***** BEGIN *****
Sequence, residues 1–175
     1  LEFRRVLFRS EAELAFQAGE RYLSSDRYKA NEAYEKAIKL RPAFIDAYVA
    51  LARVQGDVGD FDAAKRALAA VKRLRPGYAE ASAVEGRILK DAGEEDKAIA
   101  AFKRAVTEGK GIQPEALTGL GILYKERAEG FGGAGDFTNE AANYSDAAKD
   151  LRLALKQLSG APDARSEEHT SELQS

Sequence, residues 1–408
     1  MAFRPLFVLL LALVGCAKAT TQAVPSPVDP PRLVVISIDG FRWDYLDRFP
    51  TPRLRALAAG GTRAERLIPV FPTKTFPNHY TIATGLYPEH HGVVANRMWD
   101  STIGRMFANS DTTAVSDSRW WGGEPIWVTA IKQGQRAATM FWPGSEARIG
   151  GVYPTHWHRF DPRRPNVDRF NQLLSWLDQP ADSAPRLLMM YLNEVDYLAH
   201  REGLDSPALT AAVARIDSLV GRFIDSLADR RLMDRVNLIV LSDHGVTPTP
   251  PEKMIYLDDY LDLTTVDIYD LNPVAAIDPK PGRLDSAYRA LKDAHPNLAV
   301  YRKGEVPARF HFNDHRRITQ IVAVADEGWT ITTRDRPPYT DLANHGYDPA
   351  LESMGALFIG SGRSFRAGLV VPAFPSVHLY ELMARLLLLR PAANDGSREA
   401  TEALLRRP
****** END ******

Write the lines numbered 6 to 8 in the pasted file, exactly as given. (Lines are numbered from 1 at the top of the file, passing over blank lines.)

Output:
Sequence, residues 1–408
     1  MAFRPLFVLL LALVGCAKAT TQAVPSPVDP PRLVVISIDG FRWDYLDRFP
    51  TPRLRALAAG GTRAERLIPV FPTKTFPNHY TIATGLYPEH HGVVANRMWD